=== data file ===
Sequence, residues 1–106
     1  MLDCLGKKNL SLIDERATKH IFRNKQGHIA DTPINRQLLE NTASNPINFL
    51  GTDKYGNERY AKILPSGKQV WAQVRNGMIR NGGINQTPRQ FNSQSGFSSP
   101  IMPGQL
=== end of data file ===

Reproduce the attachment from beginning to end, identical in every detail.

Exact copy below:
Sequence, residues 1–106
     1  MLDCLGKKNL SLIDERATKH IFRNKQGHIA DTPINRQLLE NTASNPINFL
    51  GTDKYGNERY AKILPSGKQV WAQVRNGMIR NGGINQTPRQ FNSQSGFSSP
   101  IMPGQL